The next step was to fill all gaps, cracks, missing sections, or crevices with two-part wood epoxy (I used my old favorite, WoodEpox from Abatron). Easily moldable and with a generous working time, the filler allowed me to rebuild any structure that had been lost over the years, and also fill in anywhere my new filler strips weren’t perfect, or where my pegs didn’t end up a perfect fit at the top. After a 24-hour cure time, I sanded the lumpy, overfilled epoxy into smooth and nicely proportioned sections of window sash. As a final step, I used fine steel wool and some elbow grease to really get into the detail areas of the sash, completely sanding everything smooth.
When to Prime
I like to prime the sash before placing the glass, for several reasons. Obviously, it’s far easier to prime without concern of getting paint on the glass. Priming first also creates a protective barrier that will let the putty set up as it should. Finally, primer covers all of the wood, including areas that will ultimately be covered by weatherstripping and sash lifts. That said, some pros prefer to leave the protected sides of the sash exposed to air, in order to let the wood breathe. Others say to prime the sides but leave them unpainted to allow for smoother sash operation. The choice is up to you.
Stripped to Perfection
Stripping is undoubtedly the most tedious part of window restoration. Old school, less-than-ideal methods like dipping the sash in toxic solvents or using a heat gun on the old, fragile wood (near glass) have been superseded by gentler techniques that harm neither wood nor glass, including infrared heat and steam. You still have to scrape away softened paint and glazing, but the process will be much easier.
- Infrared heaters use low heat to soften multiple layers of paint, making it easy to scrape away. Used properly, the tool will not damage wood or glass. Look for an infrared heater that’s EPA compliant and internationally safety tested, like Eco-Strip’s Swedish-made Speedheater and Cobra products.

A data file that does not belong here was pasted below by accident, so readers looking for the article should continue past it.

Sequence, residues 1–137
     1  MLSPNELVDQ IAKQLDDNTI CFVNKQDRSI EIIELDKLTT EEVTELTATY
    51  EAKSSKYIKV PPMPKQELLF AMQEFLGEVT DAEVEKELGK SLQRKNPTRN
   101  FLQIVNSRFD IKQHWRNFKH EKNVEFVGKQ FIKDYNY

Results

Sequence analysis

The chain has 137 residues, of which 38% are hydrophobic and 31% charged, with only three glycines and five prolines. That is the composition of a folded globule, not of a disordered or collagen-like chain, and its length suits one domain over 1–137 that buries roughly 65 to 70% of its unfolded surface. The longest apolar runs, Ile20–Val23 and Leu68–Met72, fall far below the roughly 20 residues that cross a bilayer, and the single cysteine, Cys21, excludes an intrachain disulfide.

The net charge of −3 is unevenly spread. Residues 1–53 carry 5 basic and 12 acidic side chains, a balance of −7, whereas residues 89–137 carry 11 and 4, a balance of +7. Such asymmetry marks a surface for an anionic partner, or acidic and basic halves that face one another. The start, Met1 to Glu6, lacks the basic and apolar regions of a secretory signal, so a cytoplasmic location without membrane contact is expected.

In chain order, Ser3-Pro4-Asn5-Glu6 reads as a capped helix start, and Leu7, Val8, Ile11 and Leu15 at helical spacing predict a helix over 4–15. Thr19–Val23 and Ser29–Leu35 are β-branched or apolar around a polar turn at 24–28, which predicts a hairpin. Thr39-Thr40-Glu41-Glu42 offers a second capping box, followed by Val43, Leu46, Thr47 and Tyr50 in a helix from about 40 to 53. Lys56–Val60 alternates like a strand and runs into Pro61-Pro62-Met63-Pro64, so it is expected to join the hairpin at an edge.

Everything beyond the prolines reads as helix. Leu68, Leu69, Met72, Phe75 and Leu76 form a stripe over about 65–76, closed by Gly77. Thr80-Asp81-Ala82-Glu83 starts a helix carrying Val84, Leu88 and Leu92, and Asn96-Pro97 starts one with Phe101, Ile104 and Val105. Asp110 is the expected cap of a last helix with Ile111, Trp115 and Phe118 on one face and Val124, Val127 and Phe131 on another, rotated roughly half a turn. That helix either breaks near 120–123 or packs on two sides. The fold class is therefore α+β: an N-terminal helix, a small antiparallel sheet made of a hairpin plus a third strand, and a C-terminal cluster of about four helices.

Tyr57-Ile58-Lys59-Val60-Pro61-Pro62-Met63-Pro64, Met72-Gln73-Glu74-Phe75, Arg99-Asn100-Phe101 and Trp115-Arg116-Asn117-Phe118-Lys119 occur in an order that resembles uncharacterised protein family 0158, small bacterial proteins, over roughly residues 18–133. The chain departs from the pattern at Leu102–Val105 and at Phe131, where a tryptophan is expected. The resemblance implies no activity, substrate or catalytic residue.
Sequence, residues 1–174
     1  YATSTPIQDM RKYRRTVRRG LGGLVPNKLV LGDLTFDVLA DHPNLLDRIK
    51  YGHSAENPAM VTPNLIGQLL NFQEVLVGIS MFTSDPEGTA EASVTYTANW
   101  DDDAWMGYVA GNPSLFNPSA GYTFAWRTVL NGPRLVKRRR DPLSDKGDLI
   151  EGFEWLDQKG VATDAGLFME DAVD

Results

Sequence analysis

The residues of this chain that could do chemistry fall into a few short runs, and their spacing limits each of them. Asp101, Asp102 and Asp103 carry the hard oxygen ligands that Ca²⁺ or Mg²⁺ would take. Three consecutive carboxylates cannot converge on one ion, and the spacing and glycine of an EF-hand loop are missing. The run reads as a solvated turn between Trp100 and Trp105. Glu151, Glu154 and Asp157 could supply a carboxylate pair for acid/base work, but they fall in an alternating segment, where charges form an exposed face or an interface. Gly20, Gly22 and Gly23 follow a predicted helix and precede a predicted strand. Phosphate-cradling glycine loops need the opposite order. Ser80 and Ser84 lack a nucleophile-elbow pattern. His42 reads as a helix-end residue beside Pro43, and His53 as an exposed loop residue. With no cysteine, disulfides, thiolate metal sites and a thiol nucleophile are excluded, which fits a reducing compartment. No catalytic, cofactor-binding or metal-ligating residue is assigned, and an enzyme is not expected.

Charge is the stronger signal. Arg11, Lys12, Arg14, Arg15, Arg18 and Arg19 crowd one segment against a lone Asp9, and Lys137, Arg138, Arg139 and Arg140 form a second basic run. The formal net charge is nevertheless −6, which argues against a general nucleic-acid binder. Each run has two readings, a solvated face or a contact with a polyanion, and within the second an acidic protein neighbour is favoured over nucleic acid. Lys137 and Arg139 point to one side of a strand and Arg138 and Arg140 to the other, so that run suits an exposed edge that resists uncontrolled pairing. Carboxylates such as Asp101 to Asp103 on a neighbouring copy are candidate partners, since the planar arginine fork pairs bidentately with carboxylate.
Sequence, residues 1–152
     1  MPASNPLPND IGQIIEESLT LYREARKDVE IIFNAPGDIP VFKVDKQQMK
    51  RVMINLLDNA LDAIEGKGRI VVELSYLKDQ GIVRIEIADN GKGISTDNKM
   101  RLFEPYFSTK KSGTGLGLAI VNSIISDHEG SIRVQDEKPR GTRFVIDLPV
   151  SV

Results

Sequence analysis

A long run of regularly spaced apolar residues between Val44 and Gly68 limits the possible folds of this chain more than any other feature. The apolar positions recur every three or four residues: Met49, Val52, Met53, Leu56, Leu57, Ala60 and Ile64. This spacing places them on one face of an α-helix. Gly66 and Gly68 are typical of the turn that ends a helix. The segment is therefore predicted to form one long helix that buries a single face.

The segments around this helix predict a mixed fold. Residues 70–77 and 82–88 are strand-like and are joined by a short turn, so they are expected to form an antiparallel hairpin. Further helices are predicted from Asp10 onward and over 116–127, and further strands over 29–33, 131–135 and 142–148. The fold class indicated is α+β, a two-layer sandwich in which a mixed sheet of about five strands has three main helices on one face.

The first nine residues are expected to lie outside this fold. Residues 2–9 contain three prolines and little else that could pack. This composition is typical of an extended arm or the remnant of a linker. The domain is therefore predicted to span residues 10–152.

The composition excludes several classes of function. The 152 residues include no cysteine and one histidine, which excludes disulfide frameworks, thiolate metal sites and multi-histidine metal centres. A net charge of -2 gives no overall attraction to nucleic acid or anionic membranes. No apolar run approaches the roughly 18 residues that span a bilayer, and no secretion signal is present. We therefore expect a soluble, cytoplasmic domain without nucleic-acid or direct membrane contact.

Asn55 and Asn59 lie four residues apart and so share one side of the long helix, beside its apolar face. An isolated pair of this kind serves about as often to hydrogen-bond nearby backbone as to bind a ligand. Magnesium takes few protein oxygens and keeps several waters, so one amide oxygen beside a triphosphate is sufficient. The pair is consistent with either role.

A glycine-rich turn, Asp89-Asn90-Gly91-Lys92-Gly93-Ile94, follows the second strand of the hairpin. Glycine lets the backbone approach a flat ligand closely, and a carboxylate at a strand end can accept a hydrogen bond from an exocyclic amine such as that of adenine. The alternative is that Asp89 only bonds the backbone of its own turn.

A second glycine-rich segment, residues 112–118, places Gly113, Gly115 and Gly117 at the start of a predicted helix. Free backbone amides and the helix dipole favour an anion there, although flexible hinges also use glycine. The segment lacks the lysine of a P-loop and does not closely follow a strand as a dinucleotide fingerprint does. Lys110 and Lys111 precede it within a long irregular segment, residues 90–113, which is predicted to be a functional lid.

- The concept of the steam chamber or box is simple. You place the window sash into a tightly closed box, pump hot steam into the box, then let the sash “cook” in the steam for 30 to 40 minutes. (Alex built his own—check out the post at oldtownhome.com.) Carefully but quickly remove the sash—the steam is very hot—then scrape out the softened putty and remove any softened paint. If you’re not up for building your own stripper chamber, a commercial one is available from Bagala Window Works.
Help for Dry Wood
As I stripped and sanded the sash, I noticed the wood was weathered and grey. After the paint failed on the exposed sides, the sun continued to bake the windows and water from rain and snow penetrated all the way to the wood. This left the wood deteriorated, ready for fungal attack and eventual failure. To rehabilitate the wood, I used a trick I learned from Jade Mortimer of Heartwood Restoration. It’s something called BLO-Pentine, a mixture of boiled linseed oil (or BLO) and turpentine: BLOP for short. It’s a recipe that’s been suggested in Old-House Journal since the 1970s.